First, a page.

Hermite polynomials
In mathematics, the Hermite polynomials, named in honor of Charles Hermite (pronounced "air MEET"), compose a polynomial sequence defined either by

or sometimes by

which is
not equivalent. These are Hermite polynomial sequences of different variances; see the material on variances below.
Below, we follow the first convention. That convention is sometimes preferred by probabilists because

is the
probability density function for the
normal distribution with
expected value 0 and
standard deviation 1. The other convention is often followed by physicists.
The first several Hermite polynomials are:






Orthogonality
The nth function in this list is an nthdegree polynomial for n = 0, 1, 2, 3, ....
These polynomials are orthogonal with respect to the weight

i.e., we have

They form an orthogonal basis of the
Hilbert space of functions satisfying

in which the inner product is given by
Various properties
The nth Hermite polynomial satisfies Hermite's differential equation:

The sequence of Hermite polynomials also satisfies the recursion

The Hermite polynomials constitute an
Appell sequence, i.e., they are a polynomial sequence satisfying the identity

or equivalently,

(the equivalence of these last two identities may not be obvious, but its proof is a routine exercise).
The Hermite polynomials satisfy the identity

where
D represents differentiation with respect to
x, and the exponential is interpreted by expanding it as a
power series. There are no delicate questions of convergence of this series when it operates on polynomials, since all but finitely many terms vanish. Indeed, the existence of some formal power series
g(
D), with nonzero constant coefficient, such that
H_{n}(
x) =
g(
D)
x^{n} is another equivalent to the statement that these polynomials form an Appell sequence. Since they are an Appell sequence they are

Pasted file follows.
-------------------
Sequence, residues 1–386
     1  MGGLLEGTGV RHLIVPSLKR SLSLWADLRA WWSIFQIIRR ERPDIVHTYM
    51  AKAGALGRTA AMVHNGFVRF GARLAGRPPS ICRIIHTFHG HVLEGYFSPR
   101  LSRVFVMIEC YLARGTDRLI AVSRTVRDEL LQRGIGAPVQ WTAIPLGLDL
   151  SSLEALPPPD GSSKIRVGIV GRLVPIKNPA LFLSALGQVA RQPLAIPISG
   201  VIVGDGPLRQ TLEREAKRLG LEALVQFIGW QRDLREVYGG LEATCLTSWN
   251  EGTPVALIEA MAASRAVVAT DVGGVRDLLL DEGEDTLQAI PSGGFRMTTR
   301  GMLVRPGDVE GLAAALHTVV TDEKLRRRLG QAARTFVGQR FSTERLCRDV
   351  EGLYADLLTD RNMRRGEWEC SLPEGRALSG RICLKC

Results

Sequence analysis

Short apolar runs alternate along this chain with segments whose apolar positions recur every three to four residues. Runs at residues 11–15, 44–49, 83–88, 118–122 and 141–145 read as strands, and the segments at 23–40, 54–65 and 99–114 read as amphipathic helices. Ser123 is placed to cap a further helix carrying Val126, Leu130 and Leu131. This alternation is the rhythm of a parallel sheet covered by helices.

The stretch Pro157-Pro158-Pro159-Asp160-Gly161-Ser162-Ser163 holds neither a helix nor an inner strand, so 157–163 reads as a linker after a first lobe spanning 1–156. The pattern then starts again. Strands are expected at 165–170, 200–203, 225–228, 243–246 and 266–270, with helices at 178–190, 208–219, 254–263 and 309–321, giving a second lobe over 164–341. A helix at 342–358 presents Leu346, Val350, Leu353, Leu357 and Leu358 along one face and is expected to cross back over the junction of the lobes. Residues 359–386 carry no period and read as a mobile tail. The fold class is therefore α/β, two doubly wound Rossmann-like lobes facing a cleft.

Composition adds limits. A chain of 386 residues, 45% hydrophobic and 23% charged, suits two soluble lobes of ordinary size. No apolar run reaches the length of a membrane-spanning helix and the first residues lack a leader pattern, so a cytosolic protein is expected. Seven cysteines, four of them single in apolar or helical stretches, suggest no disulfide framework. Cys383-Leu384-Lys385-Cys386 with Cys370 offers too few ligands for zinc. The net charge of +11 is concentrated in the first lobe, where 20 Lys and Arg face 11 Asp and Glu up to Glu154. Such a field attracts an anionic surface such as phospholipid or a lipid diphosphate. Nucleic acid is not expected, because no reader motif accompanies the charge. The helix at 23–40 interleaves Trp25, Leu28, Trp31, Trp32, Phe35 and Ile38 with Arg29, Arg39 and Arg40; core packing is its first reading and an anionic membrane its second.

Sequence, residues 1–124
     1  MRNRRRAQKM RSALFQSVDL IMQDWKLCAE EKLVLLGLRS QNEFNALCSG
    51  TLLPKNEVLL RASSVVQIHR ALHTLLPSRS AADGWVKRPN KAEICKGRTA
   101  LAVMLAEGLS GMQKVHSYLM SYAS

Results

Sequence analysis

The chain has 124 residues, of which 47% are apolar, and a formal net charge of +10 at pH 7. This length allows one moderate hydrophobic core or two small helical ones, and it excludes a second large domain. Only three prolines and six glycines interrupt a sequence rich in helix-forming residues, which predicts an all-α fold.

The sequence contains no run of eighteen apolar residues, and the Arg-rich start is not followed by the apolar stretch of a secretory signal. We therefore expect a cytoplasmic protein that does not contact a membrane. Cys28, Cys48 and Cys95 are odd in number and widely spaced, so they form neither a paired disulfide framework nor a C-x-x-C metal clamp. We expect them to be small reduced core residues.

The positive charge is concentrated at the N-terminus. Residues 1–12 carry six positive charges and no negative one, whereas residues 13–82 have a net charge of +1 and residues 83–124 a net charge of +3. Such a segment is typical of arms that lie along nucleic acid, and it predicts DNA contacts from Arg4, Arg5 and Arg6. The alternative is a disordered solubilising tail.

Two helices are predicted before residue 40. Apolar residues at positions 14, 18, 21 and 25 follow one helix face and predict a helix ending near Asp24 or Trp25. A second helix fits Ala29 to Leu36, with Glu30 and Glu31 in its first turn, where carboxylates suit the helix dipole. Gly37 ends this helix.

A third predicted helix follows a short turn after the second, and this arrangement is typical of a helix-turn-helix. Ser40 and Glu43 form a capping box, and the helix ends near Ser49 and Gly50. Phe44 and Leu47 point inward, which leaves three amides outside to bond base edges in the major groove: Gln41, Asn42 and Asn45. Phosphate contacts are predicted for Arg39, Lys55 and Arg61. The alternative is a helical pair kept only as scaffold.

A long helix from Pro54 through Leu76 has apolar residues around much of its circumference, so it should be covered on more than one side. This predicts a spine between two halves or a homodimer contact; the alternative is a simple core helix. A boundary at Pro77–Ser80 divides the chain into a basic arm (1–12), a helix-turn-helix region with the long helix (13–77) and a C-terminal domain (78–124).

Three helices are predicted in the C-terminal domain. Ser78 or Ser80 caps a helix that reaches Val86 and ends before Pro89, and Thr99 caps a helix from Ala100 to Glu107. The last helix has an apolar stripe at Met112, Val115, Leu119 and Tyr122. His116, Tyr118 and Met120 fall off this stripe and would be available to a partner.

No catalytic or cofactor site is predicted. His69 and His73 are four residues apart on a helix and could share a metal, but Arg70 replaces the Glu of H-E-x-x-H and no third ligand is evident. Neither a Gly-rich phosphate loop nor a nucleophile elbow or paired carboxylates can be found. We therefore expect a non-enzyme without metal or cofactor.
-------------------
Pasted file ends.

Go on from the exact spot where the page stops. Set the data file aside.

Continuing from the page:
a fortiori a
Sheffer sequence.
If X is a random variable with a normal distribution with standard deviation 1 and expected value μ then
Generalization
The Hermite polynomials defined above are orthogonal with respect to the standard normal probability distribution

which has expected value 0 and variance 1. One may speak of Hermite polynomials

of variance α, where α is any positive number. These are orthogonal with respect to the normal probability distribution

They are given by

If

then the polynomial sequence whose nth term is

is the umbral composition of the two polynomial sequences, and it can be shown to satisfy the identities

and

The last identity is expressed by saying that this parametrized family of polynomial sequences is a crosssequence.
Since polynomial sequences form a group under the operation of umbral composition, one may denote by

the sequence that is inverse to the one similarly denoted but without the minus sign, and thus speak of Hermite polynomials of negative variance. For α > 0, the coefficients of
H_{n}^{[−α]}(
x) are just the absolute values of the corresponding coefficients of
H_{n}^{[α]}(
x).
These arise as moments of normal probability distributions: The nth moment of the normal distribution with expected value μ and variance σ^{2} is

where
X is a random variable with the specified normal distribution. A special case of the crosssequence identity then says that
Eigenfunctions of the Fourier transform
The functions
are eigenfunctions of the Fourier transform, with eigenvalues
−
i^{n}.
In the Hermite polynomial H_{n}(x) of variance 1, the absolute value of the coefficient of x^{k} is the number of (unordered) partitions of an nmember set into k singletons and (n − k)/2 (unordered) pairs.